"We about to start an epidemic with this one," Jermaine Dupri announces at the beginning of Nelly's 2005 music video for "Grillz," the St. Louis rapper's anthem in honor of gold- and diamond-studded teeth. Nelly's impact and relevance might have faded over the past decade, but this Billboard Hot 100–topping hit was prophetic. The video, which featured more than 70 close-up grill shots, introduced mainstream America to lavish dental ornamentation. It captured the moment when bejeweled dental prostheses entered the American zeitgeist. It was an era when Johnny Dang, the Vietnamese-born, Houston-based jeweler to the stars who made a cameo in "Grillz," was selling more than 400 decorative teeth coverings a day for at least $500 a pop.
Nine years and a Great Recession have passed since "Grillz" first hit the airwaves, but Americans of all socioeconomic situations are still flashing expensive mouth jewelry. Of course, MCs like A$AP Rocky and the Flatbush Zombies have carried on the tradition of wearing and rapping about gold teeth. But grills have also maneuvered their way over to the pop charts. In the past few years we've seen them adorn the teeth of Katy Perry, Madonna, Miley Cyrus, and Beyoncé. The accessory has even appeared on the runways of New York and Paris Fashion Week and in the pages of Vogue.
Yet, as ever-present as grills may seem today, mouth bling isn't new. And it wasn't new when Nelly started "an epidemic," either. Actually, grills have been appearing, disappearing, and reappearing throughout human history in fits and spurts as civilizations have risen and fallen around the world. Tracing their story reveals threads of ancient misogyny, class warfare, and lost scientific studies and artifacts.
Anyone who's had a passing interest in the history of the grill has probably come across the dozens of shady Google search results that claim that the earliest gold dentures were made by ancient Egyptians, who used them as a form of dental care. Although this concept is pretty pervasive, it's just not true based on what we know.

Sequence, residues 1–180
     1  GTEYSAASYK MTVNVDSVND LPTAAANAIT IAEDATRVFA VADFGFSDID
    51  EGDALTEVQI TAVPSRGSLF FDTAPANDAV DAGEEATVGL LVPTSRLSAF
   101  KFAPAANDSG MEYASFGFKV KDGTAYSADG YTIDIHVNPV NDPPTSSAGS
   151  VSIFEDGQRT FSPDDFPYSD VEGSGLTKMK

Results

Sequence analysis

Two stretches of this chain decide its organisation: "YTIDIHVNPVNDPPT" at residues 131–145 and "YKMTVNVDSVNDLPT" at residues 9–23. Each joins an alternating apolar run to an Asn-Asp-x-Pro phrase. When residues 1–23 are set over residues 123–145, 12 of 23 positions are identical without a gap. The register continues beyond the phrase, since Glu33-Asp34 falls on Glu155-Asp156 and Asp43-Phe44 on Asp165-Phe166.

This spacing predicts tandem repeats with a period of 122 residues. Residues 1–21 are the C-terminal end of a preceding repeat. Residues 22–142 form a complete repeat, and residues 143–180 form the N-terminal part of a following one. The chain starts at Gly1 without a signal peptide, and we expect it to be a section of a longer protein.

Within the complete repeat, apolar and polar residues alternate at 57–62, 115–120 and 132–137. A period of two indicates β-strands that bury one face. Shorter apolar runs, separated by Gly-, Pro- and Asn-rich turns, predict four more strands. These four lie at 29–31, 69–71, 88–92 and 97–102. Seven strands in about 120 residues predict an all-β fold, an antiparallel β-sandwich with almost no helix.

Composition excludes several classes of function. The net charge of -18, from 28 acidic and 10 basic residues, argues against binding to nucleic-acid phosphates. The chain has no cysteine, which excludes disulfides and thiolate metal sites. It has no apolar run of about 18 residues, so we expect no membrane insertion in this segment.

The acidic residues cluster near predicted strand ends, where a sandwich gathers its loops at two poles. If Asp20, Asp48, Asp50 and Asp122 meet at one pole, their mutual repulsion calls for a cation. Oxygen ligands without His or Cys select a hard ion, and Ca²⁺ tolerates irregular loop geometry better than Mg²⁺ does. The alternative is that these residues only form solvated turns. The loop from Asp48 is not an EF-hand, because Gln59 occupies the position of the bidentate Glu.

"The only acceptable evidence is that revealed in the skulls themselves," writes Dr. F. Filce Leek in his 1967 study "The Practice of Dentistry in Ancient Egypt." Leek was part of the Manchester Mummy Project, which CT-scanned more than a dozen excavated mummies for a peek inside the wrapping. He found teeth so concave with cavities that he concluded many people likely died from tooth disease. Archaeologists have discovered Ancient Egyptian writings on dental procedures, but "no tooth with gold or metal," Dr. Leek writes, quoting fellow archaeologist Sir Marc Armand Ruffer. Not in pharaohs or their slaves.
People mistakenly think grills originate in ancient Egypt because archaeologists in the early 20th century found two teeth woven together by a gold wire that dated back to about 2,500 BC in Giza. Archaeologists first claimed the teeth were wired while the person was still alive, but upon further speculation, Leek found it more likely that that the teeth fell out of the Egyptian's head and he started wearing them on a gold wire around his neck. Leek suggests this man was buried with these teeth because of the Egyptian custom to be put to rest alongside items needed for the afterlife. So what is commonly thought to be the first grill was probably just a gold chain.
"People like to think Egypt started everything," says Jean MacIntosh Turfa, co-author of the upcoming book The Golden Smile: The Etruscans and the History of Dentistry. "But in [ancient times], it was purely an Etruscan phenomenon."
The Etruscans lived in Italy—eventually giving their name to the region of Tuscany—from around 800 BC to 200 BC, when they were conquered by the Roman Empire. Barely any Etruscan papyrus writing has survived, so just about all of our knowledge from the era comes from excavated graves and tombs. American archaeologists started digging in Rome in the 1800s, but almost all of the recovered gold teeth from Etruscan times were passed from researcher to researcher, brought to America, and eventually lost in the transferring process. To all but ensure their disappearance, the teeth were only written about in obscure journals. But in his 1999 study "Etruscan Gold Dental Appliances: Three Newly 'Discovered' Examples," Marshall Joseph Becker, Turfa's co-author, pieced together the available information. Archaeologists found documentation of around 20 sets of teeth woven with delicate golden wire that was about the size of a thick rubber band. The earliest of these artifacts date back to the seventh century BC.
Rich Etruscan women were the first group of people to wear what we would now call grills. "Certain high-status Etruscan women deliberately had [front teeth] removed in order to be fitted with a gold band appliance holding a replacement, or reused, tooth," Becker writes. He found three variations on the gold bonding technique used to weld rings of gold to Etruscan teeth. "It was never a dentist" who applied the gold, according to Turfa. "It was always a goldsmith. It was done for adornment. You couldn't bite an apple with these," Turfa reasons, as the gold usually held replacement teeth in place, "but it looked pretty good."